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Oliver’s Market Summary as of March 14, 2017

Here are key points Michael made on my radio show last week that I think are extremely important in helping us prepare for what likely lies ahead:

  • The current S&P is looking very much like the 1987 market before the crash. What has Michael concerned is not an overlay of prices between the 1987 and 2017 markets but rather an overlay of momentum charts between the two markets. He is not seeing a crash in the near term, but if the S&P trades in the 2200s rather than the 2300s it would represent a definite wobbling and would set up a major decline. The S&P closed this week at 2378.25.
  • The TBond “Judas Goat” market may also be on a parallel path with the 1987 market. In 1987, about six months prior to the October peak for stocks the T-Bond started trading down quite hard, meaning that interest rates were rising fairly dramatically. But stocks said, “We don’t care. We are going up even if rates rise.” Indeed, the Fed propaganda line being spun now is that the economy is strengthening and thus driving rates higher. So rates are rising for a good reason, not nefarious reasons. But getting back to 1987, Michael pointed out that at one point for about two months, rates stabilized and the T-Bond market traded sideways, at which point the S&P partied hard! But after that pause the T-Bonds started to decline hard again. It was then the stocks started to realize that rates were rising for nefarious reasons, and by October, it was crash time. Stocks declined by more than 22% on October 19. Now, looking at the present, Michael said on my show on March 14 that the T-Bond market broke through that same comparable 1987 floor about one week ago and on Tuesday, the S&P was off some 40 points. Stocks have rallied a bit during the rest of this week, but they are displaying a wobbly sign with a possible double top over the past thee months. Time will tell if we are witnessing a parallel of the T-Bond and stocks akin to that of 1987. But Michael’s work is showing a major decline for the T-Bonds and at some point a very overvalued equity market has to be vulnerable to rising interest rates no matter how much money the Fed pumps into the system.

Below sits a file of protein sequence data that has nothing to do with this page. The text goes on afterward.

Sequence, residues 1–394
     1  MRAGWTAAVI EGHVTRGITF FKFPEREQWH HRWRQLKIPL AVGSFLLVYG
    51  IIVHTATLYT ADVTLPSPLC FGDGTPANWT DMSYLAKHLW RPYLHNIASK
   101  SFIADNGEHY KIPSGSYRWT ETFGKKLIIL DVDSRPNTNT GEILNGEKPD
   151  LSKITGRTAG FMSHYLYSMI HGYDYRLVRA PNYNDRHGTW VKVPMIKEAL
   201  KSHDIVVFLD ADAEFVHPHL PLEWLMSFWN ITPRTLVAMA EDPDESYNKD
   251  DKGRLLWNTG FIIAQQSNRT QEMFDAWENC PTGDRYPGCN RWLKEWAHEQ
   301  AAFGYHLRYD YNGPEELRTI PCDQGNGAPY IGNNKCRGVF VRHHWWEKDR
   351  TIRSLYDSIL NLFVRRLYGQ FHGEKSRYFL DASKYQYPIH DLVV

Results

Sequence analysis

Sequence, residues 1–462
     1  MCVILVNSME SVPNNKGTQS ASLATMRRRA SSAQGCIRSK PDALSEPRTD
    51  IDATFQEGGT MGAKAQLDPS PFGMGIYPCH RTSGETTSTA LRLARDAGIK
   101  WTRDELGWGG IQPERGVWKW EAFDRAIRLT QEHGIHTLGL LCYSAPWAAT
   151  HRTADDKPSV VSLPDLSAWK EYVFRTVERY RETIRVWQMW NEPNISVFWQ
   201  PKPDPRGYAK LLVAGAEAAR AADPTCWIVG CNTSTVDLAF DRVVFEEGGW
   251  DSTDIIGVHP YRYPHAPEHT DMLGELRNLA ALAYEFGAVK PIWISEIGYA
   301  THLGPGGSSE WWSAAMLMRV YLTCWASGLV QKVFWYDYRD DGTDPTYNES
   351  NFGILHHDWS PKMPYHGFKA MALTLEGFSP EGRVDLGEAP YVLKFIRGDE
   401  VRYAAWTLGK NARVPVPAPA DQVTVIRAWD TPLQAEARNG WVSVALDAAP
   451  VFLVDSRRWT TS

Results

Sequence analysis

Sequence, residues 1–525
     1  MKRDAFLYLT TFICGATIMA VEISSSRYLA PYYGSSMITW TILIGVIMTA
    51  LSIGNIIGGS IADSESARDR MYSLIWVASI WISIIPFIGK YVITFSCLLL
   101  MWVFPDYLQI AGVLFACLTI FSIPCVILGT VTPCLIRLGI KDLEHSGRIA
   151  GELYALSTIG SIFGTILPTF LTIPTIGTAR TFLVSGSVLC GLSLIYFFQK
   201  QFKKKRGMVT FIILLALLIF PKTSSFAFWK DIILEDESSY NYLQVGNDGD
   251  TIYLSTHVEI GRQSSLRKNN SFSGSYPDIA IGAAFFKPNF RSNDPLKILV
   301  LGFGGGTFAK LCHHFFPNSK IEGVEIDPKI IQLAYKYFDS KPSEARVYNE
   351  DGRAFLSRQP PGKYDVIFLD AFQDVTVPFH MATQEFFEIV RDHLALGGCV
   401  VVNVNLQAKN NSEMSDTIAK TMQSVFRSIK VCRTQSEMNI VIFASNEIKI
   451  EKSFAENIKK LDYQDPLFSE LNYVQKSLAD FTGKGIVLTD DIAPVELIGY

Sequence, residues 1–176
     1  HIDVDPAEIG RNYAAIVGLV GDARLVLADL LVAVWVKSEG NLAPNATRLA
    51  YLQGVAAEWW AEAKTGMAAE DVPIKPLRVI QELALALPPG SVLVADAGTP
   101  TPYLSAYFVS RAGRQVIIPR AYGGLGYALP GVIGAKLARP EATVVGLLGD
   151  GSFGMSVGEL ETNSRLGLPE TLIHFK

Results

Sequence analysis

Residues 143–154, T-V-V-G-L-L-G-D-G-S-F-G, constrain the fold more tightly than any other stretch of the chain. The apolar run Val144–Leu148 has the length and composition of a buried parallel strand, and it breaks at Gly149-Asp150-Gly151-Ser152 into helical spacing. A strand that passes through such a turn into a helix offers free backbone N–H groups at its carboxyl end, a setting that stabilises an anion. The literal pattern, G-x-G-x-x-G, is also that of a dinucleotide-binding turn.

• The dollar is looking increasingly vulnerable. As you can see from the chart below on your left that Michael put out last weekend, the weekly momentum chart is showing a breakdown of the dollar. But all along, Michael’s focus has been on a euro, which he believes is breaking out to the upside as the daily euro chart below right suggests. Michael said this week that if the euro could close a day above 1.07, it would be on its way to much higher levels. Indeed it closed out this week at 1.079 this week. And the dollar is indeed displaying weakness. Michael’s target for the dollar is a close below 99 on the index. That would signal that the bull market for the dollar is over.
  • Gold is acting very well and as the chart on your right shows, back a few days ago when gold was flirting with a sub 1200 handle, Michael’s momentum chart was showing strength, though it was flirting with the zero line. With some dovish comments from Janet Yellen last Wednesday gold took off like a rocket, rising to close this week at $1230. Michael wondered this past Thursday whether yet another panic among gold investors has come and gone. In any event, if we are entering a bear market for the dollar, it should be very bullish for gold. Time will tell.

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